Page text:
Much of the attention in Clean Energy these days goes to consumer products and energy generation. This is well deserved because the contribution to global warming energy generation has made and consumers wanting to learn more about how to reduce their impact. The complicated reality of going to 100% renewables is not just energy generation or changing our lifestyles but also updating the grid and adding storage to it. Storage is things like Lithium-ion Batteries, SPIN’s flywheel, and pumped hydro.
In passing SB 100 the State Government made California a world leader with an ambitious goal to operate 100% on renewables by 2045. Successes in solar, utility-scale and rooftop we have reduced our emissions but also changed the energy demand profile of the electric grid. A perfect example of this is the duck curve of energy demand. The complications of meeting energy supply and demand is a very real obstacle in maintaining grid reliability as we move to 100% renewables. To manage an ever more complex grid we need storage.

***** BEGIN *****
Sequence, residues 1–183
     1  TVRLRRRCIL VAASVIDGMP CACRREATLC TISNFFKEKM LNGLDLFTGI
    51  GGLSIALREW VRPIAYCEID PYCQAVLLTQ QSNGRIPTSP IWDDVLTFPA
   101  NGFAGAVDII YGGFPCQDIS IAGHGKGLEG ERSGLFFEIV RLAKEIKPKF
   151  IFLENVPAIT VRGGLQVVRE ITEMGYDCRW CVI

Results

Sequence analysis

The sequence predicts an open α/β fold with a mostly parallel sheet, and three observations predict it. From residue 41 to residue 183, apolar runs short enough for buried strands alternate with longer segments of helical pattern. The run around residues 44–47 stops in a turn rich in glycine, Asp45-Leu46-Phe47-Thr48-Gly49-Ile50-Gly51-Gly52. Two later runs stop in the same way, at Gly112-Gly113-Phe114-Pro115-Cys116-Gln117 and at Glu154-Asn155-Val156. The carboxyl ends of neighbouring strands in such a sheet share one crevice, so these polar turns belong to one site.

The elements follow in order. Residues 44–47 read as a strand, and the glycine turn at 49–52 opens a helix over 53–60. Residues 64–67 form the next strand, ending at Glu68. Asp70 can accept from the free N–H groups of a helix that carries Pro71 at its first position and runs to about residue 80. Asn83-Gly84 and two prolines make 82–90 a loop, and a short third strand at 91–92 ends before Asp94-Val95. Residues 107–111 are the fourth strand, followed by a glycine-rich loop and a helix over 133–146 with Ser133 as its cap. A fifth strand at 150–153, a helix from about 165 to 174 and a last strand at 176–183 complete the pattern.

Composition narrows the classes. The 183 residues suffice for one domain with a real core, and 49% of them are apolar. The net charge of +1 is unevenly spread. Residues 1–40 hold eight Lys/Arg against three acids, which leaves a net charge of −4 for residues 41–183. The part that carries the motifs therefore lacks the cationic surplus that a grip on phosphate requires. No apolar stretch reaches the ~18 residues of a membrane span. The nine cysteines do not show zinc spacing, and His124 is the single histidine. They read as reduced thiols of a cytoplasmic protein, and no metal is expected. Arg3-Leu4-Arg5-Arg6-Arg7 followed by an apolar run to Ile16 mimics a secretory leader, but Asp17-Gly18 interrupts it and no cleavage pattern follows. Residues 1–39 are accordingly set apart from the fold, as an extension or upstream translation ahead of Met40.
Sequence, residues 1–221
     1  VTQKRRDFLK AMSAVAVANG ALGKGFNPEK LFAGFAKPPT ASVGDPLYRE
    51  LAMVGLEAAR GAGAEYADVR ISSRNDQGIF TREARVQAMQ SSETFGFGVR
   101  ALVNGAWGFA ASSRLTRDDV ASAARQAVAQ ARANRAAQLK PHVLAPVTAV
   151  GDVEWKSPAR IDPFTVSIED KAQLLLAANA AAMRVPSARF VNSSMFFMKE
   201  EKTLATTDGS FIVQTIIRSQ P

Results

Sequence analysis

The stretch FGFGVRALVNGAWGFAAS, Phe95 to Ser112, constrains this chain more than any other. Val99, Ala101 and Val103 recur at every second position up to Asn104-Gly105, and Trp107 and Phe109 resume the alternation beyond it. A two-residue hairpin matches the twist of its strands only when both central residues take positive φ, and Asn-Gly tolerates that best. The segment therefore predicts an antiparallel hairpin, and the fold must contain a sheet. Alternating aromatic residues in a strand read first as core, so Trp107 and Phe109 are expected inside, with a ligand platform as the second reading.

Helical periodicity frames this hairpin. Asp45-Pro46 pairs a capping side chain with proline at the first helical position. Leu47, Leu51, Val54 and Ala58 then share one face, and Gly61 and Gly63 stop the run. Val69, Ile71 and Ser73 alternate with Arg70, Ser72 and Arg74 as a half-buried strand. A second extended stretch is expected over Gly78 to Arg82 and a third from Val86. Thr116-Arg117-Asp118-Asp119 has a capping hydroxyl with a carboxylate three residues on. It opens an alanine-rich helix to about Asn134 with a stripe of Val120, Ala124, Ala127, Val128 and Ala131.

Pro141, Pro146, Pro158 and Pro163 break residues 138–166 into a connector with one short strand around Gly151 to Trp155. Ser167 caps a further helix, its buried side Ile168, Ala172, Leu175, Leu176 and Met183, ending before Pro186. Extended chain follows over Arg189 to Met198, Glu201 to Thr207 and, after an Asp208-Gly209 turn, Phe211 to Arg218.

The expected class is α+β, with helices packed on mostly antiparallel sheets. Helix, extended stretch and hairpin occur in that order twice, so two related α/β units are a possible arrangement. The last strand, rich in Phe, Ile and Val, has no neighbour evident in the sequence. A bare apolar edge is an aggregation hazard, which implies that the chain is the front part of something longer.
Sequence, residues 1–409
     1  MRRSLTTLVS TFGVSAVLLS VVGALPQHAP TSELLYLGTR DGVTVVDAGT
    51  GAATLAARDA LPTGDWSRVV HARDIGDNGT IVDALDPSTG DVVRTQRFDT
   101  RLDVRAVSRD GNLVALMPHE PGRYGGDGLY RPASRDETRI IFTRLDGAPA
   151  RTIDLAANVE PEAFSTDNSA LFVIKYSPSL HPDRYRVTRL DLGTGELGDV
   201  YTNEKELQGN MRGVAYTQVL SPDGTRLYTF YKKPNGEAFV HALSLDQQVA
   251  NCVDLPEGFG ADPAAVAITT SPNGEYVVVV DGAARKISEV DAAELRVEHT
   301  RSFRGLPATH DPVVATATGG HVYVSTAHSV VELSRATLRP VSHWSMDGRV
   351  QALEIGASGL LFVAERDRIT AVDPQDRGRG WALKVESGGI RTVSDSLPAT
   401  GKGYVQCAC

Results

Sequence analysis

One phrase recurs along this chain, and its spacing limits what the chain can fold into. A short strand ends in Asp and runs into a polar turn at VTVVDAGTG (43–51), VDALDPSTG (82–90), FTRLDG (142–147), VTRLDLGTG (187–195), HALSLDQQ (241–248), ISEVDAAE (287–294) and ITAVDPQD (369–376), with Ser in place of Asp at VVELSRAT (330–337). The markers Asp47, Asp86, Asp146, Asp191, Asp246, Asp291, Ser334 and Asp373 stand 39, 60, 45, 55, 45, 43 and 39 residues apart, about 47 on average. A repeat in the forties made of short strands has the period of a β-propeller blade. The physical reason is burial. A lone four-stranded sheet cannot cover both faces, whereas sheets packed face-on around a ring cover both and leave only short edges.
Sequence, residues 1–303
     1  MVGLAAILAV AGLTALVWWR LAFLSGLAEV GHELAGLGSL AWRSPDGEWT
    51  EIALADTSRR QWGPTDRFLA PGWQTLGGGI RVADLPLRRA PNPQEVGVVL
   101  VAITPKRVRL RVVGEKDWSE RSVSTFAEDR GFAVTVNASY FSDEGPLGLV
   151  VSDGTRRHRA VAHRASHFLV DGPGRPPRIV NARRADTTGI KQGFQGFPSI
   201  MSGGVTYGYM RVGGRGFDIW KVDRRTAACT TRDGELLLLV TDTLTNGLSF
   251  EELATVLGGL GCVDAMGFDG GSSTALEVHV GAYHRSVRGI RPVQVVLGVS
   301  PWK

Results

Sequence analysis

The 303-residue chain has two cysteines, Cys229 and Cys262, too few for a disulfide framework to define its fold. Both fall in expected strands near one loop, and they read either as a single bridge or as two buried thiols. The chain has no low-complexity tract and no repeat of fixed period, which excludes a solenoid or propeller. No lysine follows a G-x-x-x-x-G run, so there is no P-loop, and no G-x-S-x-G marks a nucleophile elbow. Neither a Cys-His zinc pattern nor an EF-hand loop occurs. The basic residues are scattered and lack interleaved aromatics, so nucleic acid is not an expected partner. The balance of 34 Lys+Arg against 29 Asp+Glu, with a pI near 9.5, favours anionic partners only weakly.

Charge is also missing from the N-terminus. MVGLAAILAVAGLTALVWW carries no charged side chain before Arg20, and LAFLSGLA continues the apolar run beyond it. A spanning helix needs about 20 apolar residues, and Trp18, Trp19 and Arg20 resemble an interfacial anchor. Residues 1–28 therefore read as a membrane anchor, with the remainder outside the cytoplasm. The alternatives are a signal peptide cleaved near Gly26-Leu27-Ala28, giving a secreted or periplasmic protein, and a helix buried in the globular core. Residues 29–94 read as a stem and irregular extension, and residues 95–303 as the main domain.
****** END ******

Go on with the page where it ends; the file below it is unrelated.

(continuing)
Policies contributing to the success of solar should be expanded to promote storage. We are seeing the California Energy Commission invest in the commercialization of more storage projects and companies like Electrify America are investing in grid storage to avoid impact cost of Electric Vehicle Chargers on the grid. But we can do more. Net Metering, the policies that helped build a fledgling rooftop solar industry, needs to be adopted to promote home storage solutions. Like the early adopters of EVs and Solar, we need to incentivize private investment in storage. There are companies like Empower Energy and Off the Wall Energy, who are gearing up to provide small storage solutions to business and residential companies.
Supporting the 100% Renewables in California to fight climate change means supporting Storage.
ABOUT THE AUTHOR
Thomas is the Executive Director of CleanStart. Thomas has a strong background in supporting small businesses, leadership, financial management and is proficient in working with nonprofits. He has a BS in Finance and a BA in Economics from California State University, Chico. Thomas has a passion for sustainability and a commitment to supporting non-profits in the region.